Born in New Zealand. Raised in New Zealand. Representing Australia at the Commonwealth Games.
Now before the Kiwis start crying foul on another Phar Lap or Russell Crowe conspiracy, Canberra-based long jumper Jessica Penney doesn't have any regrets about choosing the green and gold over the All Black.
Penney finished fifth at the 2006 junior world championships while competing for New Zealand before relocating to Canberra at the end of 2010 to train under renowned athletics coach Craig Hilliard.
She made her senior debut for Australia at last year's World University Games in Russia and booked her spot on the plane to Glasgow by finishing second at this year's national titles.
The 25-year-old holds dual citizenship because her parents are Australian.
She changed her allegiance because of the superior athletics facilities and opportunities in Australia, having moved to Canberra to study engineering at ANU when the same course wasn't offered in her hometown of Wellington.
"The junior world champs were the pinnacle of my career at that point and I was quite excited,'' Penney said.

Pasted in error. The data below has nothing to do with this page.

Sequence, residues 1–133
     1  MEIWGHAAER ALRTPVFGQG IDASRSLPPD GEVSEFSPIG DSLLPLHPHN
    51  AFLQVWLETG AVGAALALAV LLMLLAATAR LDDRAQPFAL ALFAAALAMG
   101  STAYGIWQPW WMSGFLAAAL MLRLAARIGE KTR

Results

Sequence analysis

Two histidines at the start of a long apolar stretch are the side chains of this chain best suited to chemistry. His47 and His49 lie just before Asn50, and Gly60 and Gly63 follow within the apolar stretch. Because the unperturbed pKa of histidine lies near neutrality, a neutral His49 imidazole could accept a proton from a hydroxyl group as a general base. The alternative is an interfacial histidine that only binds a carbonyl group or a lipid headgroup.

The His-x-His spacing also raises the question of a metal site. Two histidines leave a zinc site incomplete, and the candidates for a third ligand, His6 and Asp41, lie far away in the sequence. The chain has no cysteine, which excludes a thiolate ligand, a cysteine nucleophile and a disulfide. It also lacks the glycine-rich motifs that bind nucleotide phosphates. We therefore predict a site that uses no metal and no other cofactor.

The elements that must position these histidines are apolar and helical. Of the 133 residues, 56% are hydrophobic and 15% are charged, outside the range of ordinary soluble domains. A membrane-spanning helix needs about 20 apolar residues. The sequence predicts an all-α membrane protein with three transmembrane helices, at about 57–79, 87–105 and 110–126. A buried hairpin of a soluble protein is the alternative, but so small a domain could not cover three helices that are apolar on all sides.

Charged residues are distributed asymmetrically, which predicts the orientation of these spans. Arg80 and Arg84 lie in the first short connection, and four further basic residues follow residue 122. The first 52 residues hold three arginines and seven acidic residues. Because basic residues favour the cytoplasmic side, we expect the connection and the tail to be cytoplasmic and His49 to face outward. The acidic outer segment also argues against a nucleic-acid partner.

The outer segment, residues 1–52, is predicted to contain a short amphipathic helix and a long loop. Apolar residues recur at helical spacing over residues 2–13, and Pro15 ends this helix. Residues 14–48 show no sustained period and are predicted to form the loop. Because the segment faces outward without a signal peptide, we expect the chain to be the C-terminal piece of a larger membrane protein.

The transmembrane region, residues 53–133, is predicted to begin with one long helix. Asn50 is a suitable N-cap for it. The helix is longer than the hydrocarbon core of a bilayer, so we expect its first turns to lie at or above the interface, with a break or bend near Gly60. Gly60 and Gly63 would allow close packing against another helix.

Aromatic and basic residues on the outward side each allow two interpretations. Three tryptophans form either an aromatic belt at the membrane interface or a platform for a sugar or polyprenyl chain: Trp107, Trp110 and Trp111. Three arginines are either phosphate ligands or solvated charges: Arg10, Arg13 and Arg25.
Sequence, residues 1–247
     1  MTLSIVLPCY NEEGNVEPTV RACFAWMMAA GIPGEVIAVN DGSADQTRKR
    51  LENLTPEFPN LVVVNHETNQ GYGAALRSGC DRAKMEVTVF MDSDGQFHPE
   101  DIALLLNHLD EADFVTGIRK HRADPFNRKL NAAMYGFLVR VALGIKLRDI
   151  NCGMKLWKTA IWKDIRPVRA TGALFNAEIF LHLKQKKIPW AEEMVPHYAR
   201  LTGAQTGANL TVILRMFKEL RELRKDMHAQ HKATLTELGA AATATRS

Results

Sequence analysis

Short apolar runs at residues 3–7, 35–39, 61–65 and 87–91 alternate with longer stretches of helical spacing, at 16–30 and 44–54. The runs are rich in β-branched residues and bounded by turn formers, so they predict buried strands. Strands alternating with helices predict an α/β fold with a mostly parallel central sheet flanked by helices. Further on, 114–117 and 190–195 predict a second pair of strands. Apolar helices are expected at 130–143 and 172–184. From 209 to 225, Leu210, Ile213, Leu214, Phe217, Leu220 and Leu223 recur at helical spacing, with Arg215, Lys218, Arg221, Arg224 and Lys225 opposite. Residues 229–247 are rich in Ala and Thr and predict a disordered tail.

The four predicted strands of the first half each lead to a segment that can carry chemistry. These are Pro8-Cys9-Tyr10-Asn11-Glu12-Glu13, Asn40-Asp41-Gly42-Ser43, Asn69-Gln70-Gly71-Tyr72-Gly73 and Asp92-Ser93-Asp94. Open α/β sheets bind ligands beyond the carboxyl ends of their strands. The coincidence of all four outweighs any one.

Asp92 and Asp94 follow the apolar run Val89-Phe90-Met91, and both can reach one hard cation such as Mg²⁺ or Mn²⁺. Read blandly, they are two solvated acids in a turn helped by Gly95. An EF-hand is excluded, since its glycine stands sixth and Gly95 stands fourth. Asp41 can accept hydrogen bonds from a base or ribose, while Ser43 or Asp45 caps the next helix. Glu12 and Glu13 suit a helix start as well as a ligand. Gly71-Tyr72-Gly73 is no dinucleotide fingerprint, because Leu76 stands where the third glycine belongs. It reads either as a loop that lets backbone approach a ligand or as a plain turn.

"I was getting a few offers from America because I did well at world juniors so I thought I'd give that a go.
"That was a fantastic opportunity, great set-up, great university, but athletics kind of wasn't happening, my long jump wasn't improving and I was going backwards.
"I was getting a bit homesick as well, so I thought Canberra looked like it had a good set-up to improve my athletics.''
After a couple of years at the University of Illinois, Penney did her research before making contact with Hilliard, who had trained Olympic Games silver medallist Jai Taurima and his wife Kerrie (nee Perkins).
A bout of glandular fever put Penney out of commission for last year's domestic season before she recovered in time to represent Australia at the World University Games in Russia.
Penney is studying her honours in a bachelor of engineering at ANU while balancing work and also her athletics ambitions.
A second-placed finish at the national titles in April left her in contention, but because her personal best of 6.54 metres set in Canberra in February was a B-qualifier, her place in the Commonwealth Games team wasn't guaranteed until her name was read out on Thursday last week.
It wasn't until her final jump at the nationals that she rose from fourth to second on the standings.
''I was getting a bit nervous and put a bit of pressure on myself because the nationals is the main comp for the season and it was the crucial one to be picked at,'' Penney said.
''Coming second definitely helped my selection.
"I wasn't sure if it was going to be enough because there were a few girls who had B-qualifiers, so to be told you're going to the Comm Games is really exciting.''